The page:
2. jray

    In most cases the JSA claimant is not allowed to do courses,as they will not be considered looking for work and face sanctions,bloody silly!

  3. Luke Blakey

    “getting up off their unemployed backside ”
    They may only do this at the initiative and permission of the jobcentre. This can only be with the preferred (cheapest/crap) provider and provide only level 1/0 qualifications, so numeracy, lv1 food hygene,etc. I’ve they believe you, and you allow them to think they come up with the idea, they may fund you to do a level 2. Maybe.This does not necessarily mean that you could get a course with your local authority adult education college. There always a cheapo crap provider which they prefer and where you will only mix/ be in classes with other jobseekers (some of whom yes will be disruptive). The staff will also be crap.
    They might make a special exception for you and fund you for a Level 2 & 3 intensive course ie Accountancy, and when I say that I expect its for only accountancy. As long as this is for less than 9 months. You still need to make all other requirements, answer and read their letters and waste half a day a week going to see a bloke who will either tap one button to tell the computer to pay you or do something else equally as low value added task that takes twenty mins and adds to the queue.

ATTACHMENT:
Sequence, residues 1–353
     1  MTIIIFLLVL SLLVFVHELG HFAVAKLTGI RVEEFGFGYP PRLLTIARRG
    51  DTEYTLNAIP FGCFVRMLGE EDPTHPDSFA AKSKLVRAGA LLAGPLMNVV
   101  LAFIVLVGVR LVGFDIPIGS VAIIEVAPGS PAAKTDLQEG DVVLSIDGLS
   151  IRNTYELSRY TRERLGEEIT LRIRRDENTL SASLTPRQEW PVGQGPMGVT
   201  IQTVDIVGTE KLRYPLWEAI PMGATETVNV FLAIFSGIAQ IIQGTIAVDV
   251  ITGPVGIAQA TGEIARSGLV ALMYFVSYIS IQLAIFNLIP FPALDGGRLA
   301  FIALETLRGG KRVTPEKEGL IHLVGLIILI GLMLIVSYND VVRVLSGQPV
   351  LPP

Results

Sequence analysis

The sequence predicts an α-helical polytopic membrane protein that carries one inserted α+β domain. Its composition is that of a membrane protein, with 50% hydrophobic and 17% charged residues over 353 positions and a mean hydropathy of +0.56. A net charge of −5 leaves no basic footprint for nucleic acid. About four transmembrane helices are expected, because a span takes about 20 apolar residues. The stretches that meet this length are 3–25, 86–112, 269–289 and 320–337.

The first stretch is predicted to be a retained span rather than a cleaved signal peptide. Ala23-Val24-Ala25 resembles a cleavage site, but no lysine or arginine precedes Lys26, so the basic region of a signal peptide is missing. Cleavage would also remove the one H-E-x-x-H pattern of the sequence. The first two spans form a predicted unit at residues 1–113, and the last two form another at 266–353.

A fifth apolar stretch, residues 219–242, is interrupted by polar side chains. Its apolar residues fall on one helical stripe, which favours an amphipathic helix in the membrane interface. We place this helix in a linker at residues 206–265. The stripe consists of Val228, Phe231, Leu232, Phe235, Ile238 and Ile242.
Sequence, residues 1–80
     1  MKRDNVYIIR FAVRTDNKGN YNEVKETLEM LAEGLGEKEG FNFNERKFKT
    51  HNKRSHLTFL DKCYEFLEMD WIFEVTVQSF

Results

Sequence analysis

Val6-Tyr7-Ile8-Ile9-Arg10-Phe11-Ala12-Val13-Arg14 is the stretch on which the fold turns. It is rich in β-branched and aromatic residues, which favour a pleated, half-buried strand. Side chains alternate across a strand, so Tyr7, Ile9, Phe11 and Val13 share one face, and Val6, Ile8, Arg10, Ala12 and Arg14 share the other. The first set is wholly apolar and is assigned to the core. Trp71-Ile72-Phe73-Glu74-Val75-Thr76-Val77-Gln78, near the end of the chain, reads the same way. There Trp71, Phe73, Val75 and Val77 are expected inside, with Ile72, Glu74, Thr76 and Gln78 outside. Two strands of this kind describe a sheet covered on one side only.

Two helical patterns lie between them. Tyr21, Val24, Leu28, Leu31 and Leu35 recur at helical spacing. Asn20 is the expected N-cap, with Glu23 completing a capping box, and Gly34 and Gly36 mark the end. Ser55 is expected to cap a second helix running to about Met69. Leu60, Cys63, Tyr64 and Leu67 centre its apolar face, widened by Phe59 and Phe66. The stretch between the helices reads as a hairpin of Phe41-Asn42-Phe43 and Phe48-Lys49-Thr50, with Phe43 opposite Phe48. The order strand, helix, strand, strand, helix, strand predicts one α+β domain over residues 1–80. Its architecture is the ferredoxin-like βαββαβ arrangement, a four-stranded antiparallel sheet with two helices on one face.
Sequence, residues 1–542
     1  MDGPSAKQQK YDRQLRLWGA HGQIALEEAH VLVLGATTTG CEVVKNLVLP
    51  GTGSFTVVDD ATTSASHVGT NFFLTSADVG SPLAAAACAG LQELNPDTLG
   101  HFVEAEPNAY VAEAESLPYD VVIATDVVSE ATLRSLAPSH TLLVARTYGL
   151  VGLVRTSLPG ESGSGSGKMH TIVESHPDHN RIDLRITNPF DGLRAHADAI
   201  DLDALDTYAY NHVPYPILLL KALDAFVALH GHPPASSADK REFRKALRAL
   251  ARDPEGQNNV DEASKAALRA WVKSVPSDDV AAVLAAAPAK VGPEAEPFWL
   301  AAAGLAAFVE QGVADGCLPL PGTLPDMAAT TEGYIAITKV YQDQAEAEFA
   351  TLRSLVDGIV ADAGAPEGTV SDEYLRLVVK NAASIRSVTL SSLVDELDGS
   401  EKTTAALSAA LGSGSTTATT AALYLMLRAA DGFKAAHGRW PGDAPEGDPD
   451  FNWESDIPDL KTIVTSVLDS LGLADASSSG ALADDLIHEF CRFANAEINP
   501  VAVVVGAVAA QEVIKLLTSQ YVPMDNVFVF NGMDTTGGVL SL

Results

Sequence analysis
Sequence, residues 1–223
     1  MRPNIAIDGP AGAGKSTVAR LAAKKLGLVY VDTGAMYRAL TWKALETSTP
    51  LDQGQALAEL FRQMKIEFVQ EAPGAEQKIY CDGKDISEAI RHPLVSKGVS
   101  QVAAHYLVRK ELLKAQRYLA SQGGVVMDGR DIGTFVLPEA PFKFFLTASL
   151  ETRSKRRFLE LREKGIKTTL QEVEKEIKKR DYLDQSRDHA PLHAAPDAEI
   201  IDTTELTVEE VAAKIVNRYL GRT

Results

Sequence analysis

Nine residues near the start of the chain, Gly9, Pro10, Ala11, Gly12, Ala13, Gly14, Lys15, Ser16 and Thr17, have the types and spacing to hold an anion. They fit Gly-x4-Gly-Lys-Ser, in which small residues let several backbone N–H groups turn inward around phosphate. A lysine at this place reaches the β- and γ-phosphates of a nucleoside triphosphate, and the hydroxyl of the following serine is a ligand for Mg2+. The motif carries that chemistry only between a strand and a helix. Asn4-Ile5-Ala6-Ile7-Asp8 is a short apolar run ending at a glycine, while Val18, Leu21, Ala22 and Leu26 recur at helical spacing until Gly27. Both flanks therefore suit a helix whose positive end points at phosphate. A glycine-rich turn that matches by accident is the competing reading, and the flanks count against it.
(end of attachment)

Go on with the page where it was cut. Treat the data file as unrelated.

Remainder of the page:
There is a conception that jobs are advertised at jobcentres, that advisors read case notes, that advisors receive training to do so, that advisors actually remember you are coming (these are ‘appointments’ with a ‘professional’ remember) and actually prep before, that advisors ask sufficient questions to work out if you dropped out of school at 13 with nothing or took the equivalent of 6 a-levels at six form. In 9/10 cases that’s just not the case. and that is a 9/10 chance every two weeks.
    Got a degree? HA HA HA HA HA. Your better travel back to your uni and talk to them. The jobcentre is not the place to be if you have in anyway tried to get ahead. and if you did manage something, don’t worry, the JCP will make sure they take it away from you.
    Of course giving funding, permission, space and time for one of these ‘free courses’ does not mean they won’t screw up every over two week period, loose things, move advisor on, forget you exist etc. Funding does not mean they actually allow you the time off to do the course. That’s entirely different. It is a week by week decision open to three grades of different advisors/staff and the chances are you’ll have one week with a new advisor that knows nothing about your case and they have the same power/authority to screw you. In the course of a proper qualification how many duff advisors will you get? Each of whom have the power to start a 6/12/24 month stop which takes at least six weeks to contest/ overturn/ get a non apology for and takes even more time in the building doing paperwork.